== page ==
We read on p.512 that "Genesis 1:2 states that this was the condition of the earth when God first created her". Yet this verse says no such thing: this is a pure supposition and is not necessarily demanded by the context. For, as Dr Young rightly remarks of this verse, "it is not to be construed with the preceding, but with what follows", A.p30.
Dr.Roddy disparages a biased rendering, by an unnamed translator, which uses the phrase "darkness of judgement", because CHOSEK does not demand the idea of judgment. Yet he himself shows a similar bias in proposing "created from nothing" for BARA. We do not know whether or not God created the heaven and earth in verse 1 from nothing. The material, if any, is not in mind either in BARA or in "create". The definition of the verb to create is given as, "to bring into existence"; and this is common to both Webster's New International and the New Oxford Illustrated Dictionaries. The word does not demand the idea of coming out of nothing, though it does always mean the bringing into being of what previously did not exist. Dr.Young recognises that BARA does not mean 'creatio ex nihilo', but appears to think that "create" does; for he says that BARA "has a more restricted usage that the English word 'create'", A.p7. In fact, probably the reverse is true; for BARA has meanings, e.g. to cut, which 'create' does not have. Creation out of nothing is a philosophical postulate which is no part of divine revelation.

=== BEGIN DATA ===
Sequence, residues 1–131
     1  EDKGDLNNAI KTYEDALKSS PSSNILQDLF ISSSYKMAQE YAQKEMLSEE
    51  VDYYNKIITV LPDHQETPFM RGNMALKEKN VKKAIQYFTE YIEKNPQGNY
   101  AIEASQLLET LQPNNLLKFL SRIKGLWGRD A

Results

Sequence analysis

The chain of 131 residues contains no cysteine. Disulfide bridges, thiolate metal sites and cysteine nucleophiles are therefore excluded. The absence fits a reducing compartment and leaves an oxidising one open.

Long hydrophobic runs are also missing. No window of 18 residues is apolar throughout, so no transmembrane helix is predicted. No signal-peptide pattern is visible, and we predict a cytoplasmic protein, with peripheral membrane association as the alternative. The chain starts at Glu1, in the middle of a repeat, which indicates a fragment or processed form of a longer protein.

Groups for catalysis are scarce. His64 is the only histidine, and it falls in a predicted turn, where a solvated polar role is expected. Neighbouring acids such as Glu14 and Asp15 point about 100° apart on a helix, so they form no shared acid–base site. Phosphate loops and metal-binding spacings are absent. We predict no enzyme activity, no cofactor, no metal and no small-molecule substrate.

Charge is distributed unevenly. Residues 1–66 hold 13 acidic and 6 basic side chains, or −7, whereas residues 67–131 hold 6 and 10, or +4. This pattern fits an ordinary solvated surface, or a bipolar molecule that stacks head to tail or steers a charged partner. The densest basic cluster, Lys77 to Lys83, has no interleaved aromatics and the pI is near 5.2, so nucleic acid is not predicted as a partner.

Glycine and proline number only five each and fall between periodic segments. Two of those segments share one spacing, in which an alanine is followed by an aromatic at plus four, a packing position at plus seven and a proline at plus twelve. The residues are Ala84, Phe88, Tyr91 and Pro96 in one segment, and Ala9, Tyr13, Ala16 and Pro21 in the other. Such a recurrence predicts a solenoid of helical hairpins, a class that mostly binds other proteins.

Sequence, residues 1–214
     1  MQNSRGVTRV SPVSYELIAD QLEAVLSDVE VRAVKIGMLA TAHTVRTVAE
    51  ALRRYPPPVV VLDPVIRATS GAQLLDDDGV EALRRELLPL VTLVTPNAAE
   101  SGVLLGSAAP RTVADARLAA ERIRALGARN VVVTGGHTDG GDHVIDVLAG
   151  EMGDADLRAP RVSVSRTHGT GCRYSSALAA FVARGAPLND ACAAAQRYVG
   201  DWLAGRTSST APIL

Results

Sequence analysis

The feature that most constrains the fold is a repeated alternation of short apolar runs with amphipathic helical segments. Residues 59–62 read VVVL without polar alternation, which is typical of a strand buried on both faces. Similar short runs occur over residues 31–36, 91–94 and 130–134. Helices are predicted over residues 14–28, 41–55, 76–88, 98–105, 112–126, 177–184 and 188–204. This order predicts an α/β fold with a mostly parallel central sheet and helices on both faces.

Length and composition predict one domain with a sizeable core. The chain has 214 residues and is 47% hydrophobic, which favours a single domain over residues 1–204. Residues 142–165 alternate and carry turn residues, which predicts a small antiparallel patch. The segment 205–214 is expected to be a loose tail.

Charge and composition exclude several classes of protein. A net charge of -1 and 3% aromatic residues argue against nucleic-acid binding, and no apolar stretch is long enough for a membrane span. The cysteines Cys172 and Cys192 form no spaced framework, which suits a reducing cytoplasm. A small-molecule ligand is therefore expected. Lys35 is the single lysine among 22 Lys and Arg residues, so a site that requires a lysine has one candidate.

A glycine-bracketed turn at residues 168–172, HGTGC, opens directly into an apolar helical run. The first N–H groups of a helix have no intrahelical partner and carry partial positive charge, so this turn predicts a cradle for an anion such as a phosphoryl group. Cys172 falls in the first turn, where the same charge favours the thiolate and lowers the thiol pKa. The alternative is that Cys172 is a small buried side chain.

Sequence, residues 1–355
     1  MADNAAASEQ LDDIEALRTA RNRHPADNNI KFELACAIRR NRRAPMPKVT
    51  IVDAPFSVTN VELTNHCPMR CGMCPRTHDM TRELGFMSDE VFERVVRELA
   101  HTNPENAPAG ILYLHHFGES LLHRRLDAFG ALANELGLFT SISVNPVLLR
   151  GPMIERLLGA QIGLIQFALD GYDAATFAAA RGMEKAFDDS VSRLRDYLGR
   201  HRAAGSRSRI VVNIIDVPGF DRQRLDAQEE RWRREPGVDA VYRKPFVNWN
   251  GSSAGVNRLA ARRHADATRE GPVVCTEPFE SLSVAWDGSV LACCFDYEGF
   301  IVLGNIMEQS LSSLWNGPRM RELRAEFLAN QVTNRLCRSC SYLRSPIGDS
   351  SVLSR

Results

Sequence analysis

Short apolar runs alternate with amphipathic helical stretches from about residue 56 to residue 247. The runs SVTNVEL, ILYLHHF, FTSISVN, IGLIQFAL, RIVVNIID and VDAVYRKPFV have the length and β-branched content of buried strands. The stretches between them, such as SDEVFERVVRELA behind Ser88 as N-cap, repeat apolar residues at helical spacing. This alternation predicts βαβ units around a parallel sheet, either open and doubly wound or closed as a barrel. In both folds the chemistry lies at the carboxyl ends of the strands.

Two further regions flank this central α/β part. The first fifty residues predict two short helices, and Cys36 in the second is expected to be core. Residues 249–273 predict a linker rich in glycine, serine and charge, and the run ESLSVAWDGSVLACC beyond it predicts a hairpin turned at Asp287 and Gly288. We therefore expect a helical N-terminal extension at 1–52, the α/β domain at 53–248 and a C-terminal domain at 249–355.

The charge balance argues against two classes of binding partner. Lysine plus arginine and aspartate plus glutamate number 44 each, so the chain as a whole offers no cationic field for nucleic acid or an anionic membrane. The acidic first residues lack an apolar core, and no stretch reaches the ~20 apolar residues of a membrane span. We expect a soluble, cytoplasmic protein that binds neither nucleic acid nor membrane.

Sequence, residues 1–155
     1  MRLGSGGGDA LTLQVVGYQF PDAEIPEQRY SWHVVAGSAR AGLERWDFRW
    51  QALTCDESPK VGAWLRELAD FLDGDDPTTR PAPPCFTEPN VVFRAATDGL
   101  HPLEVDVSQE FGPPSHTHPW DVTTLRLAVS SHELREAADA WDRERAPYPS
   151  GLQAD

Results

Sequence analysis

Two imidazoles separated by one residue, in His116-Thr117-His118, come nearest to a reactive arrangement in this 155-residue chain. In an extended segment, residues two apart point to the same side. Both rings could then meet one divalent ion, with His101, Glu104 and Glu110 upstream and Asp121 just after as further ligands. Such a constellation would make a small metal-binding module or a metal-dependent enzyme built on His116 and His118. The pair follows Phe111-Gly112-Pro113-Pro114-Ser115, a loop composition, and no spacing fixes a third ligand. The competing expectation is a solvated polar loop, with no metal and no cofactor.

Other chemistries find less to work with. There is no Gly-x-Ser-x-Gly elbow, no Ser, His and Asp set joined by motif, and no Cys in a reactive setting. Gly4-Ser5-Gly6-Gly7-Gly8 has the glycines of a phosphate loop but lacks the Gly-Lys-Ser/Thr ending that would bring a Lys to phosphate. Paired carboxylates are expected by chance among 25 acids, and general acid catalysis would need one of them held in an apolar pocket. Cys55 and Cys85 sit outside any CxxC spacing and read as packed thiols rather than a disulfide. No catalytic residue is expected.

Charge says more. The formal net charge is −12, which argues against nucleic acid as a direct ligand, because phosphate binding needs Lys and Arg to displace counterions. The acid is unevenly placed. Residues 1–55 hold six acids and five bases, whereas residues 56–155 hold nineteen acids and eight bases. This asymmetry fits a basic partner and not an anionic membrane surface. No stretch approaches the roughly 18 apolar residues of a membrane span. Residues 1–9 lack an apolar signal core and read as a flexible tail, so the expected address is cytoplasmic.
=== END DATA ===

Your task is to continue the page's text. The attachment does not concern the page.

An acknowledgement of appreciation should be made to Dr.Young for his positive showing that "verse one is a narrative complete in itself" and can only be treated as an "independent clause"; though this could have been demonstrated likewise by means of numerics. Dr.Roddy, too, is to be commended for his analysis of the usage of HAYAH, and showing its proper rendering to be "was". But if there is a real case for the Anti-Gap Theory, then it has not been brought to light in the two documents considered which are the works of proponents of this Theory.
Does this then mean that the Gap Theory is true ? No, not at all. A theory can never be true or false; but it can be tenable if it fits together all the known facts, and untenable if it does not. The facts by which either Theory must be weighed are the plain statements of Scripture taken in context and such logical deductions as are unambiguously to be inferred from them.
Before considering these facts let it first be observed that those wanting to challenge the Restitution Hypothesis have attached an undue emphasis to interpretation derived from Hebrew syntax. The extent to which' the ordinary student of the Bible must submit to the opinions of Hebraists for exegesis is minimal compared with that based on accuracy of reading the text in context. Even Professor Young, apart from the single exception already noted, reaches his main conclusions on the basis of context; for, as he shows, some relevant passages can be construed in Hebrew in more ways than one.